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The Butcher Boy

4.1 out of 5 stars 51 customer reviews

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Product Details

  • Audio Cassette
  • Publisher: Simon & Schuster Audio (Oct. 1 1994)
  • Language: English
  • ISBN-10: 0671512277
  • ISBN-13: 978-0671512279
  • Shipping Weight: 699 g
  • Average Customer Review: 4.1 out of 5 stars 51 customer reviews
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Product Description

From Amazon

"I was thinking how right ma was -- Mrs. Nugent all smiles when she met us and how are you getting on Mrs and young Francis are you both well? . . .what she was really saying was: Ah hello Mrs Pig how are you and look Philip do you see what's coming now -- The Pig Family!"

This is a precisely crafted, often lyrical, portrait of the descent into madness of a young killer in small-town Ireland. "Imagine Huck Finn crossed with Charlie Starkweather," said The Washington Post. Short-listed for the Bram Stoker Award and England's prestigious Booker Prize. --This text refers to an out of print or unavailable edition of this title.

From Publishers Weekly

Francie Brady is a disaffected, working-class, Roman Catholic teenager living in Northern Ireland. His alcoholic father works in the local slaughterhouse and his mother, despite being a whir of household efficiency, is suicidal. The latest phase of the "troubles" in Ireland have not yet formally begun--it is the early '60s--but Francie is nonetheless caught in a cycle of pride, envy and poverty aggravated by the ancient conflict between Protestants and Catholics. The book opens with Francie remembering: "When I was a young lad twenty or thirty or forty years ago I lived in a small town where they were after me on account of what I done on Mrs Nugent." By its end, young Francie has dispatched Mrs Nugent and earned his eponymous nickname. The Nugents, a prosperous Protestant family, have it all, in Francie's eyes: their son Philip goes to private school and takes music lessons; their home is carpeted and the telly works. Francie begins by playing pranks on the family--swindling Philip out of his comic books, defecating in their house when they are away. But when he bludgeons Philip's brother in a fight, Francie loses his closest friend, who then befriends the Nugent family. Then the violence escalates. Deservedly, Butcher Boy won the 1992 Irish Times -Aer Lingus Award and was shortlisted for Britain's 1992 Booker Prize. McCabe's Francie speaks in a rich vernacular spirited by the brassy and endearing rhythms of perpetual delinquency; even in his gradual unhinging, Francie remains a winning raconteur. By looking so deeply into Francie's soul, McCabe ( Music on Clinton Street ) subtly sugggests a common source for political and personal violence--lack of love and hope. Major ad/promo; ABA appearance.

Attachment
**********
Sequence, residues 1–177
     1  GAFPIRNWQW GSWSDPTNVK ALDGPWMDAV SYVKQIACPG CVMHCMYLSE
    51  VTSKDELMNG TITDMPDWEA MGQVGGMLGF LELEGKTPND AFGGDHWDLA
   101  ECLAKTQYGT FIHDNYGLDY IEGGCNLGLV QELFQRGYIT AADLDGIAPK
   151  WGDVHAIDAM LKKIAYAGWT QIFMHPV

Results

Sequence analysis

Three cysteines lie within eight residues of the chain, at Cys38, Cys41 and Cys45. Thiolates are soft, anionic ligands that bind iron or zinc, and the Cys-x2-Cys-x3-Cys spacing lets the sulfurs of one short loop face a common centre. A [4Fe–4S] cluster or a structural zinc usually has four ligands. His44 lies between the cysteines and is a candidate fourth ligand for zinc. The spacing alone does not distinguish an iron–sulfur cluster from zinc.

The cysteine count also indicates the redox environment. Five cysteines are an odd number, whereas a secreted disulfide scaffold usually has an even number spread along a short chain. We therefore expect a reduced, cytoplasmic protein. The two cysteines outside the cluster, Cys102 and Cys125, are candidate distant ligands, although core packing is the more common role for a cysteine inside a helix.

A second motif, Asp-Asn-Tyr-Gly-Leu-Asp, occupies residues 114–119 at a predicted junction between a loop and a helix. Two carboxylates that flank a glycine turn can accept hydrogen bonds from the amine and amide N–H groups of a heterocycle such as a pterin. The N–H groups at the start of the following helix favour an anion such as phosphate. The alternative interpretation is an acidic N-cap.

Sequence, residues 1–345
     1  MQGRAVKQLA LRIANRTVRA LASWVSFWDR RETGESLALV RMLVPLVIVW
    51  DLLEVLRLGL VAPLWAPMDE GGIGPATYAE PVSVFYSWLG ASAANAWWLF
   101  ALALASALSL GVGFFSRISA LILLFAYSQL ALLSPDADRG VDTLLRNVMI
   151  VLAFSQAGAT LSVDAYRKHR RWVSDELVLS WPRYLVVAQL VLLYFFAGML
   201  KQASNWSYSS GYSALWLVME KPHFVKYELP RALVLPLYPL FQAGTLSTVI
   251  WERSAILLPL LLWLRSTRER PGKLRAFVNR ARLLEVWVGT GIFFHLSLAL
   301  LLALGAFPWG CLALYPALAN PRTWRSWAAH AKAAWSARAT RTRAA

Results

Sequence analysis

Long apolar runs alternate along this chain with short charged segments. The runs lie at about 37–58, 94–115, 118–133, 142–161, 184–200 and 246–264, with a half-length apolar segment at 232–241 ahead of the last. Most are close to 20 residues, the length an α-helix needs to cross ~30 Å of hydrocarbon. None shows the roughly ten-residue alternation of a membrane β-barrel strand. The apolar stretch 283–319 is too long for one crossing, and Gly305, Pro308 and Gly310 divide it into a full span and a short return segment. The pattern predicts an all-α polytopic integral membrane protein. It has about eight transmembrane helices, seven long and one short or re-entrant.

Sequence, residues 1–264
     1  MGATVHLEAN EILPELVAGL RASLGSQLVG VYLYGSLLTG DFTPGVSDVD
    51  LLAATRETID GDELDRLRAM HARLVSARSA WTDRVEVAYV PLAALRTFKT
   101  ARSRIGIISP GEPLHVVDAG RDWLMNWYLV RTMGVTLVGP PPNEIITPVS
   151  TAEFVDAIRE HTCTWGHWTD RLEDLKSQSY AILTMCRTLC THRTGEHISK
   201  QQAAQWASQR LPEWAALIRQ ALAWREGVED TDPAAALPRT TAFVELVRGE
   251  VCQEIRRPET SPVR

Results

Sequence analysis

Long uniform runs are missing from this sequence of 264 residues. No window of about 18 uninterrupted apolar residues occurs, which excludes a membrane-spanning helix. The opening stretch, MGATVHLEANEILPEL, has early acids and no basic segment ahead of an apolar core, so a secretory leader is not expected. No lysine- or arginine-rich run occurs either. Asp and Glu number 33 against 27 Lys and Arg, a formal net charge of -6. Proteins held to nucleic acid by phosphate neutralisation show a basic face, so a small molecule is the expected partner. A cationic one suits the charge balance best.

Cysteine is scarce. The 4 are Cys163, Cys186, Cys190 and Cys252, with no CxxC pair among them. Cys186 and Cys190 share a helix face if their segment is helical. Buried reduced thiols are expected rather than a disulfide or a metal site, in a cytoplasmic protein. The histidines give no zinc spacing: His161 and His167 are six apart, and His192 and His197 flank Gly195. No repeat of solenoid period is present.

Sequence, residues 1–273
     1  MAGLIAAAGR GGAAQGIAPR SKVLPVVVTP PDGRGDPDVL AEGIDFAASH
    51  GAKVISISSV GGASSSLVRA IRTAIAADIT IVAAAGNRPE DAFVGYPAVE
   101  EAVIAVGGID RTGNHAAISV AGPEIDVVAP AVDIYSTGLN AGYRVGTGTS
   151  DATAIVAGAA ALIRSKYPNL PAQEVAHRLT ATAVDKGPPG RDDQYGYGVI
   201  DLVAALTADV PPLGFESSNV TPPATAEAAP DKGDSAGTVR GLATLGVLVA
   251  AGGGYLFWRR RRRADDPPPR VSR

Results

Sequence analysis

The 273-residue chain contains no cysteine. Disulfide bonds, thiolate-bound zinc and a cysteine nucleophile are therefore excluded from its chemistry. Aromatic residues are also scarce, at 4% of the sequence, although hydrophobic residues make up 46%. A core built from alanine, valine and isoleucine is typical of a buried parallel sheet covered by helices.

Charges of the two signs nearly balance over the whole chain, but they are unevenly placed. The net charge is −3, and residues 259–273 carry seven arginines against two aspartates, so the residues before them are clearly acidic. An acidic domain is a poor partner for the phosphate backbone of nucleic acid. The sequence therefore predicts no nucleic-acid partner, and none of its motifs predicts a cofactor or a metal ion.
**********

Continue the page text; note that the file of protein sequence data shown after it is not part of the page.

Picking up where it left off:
Copyright 1993 Reed Business Information, Inc. --This text refers to an out of print or unavailable edition of this title.

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Customer Reviews

Top Customer Reviews

Format: Paperback
Set is a rural Irish town in the early 1960s, The Butcher Boy is a beautiful and disturbing novel that tells the tale of "the incredible Francie Brady," a lonely Irish teenager who has, at best, a tenuous grasp on reality.
A series of crushing personal loses, are causing Francie to slowly descend into madness, into the world of the true psychopath. In an irrational attempt to fix blame on someone for the cruelties which have befallen him, Francie makes a local woman, Mrs. Nugent, the target of his scathing and sardonic wit, his growing anger, and finally, his shocking violence. This is a tale of the surrealistic space that lies between sanity and insanity and Francie is the mythical changeling.
Despite its exceptionally depressing subject matter, The Butcher Boy is darkly comic and Francie's resilient, callous and savage first-person narrative, devoid of much traditional punctuation, impels the reader at a breakneck speed. Francie gives nicknames to people, places and things and speaks in his own brand of Irish slang. The book is a little claustrophobic in feel because we observe Francie's descent into madness from the inside, without realizing that we are going there. We unwittingly embrace his warped point of view and are able to sympathize with him and weep for him even though we absolutely cannot condone what he does. It's a rather hallucinatory novel, a patchwork-quilt of B-movie aliens, comic strip logic and even visions of the Virgin Mary. It's a wild ride between sentimentality and the Grand Guignol; a place where real and rational explanations of the world simply aren't good enough.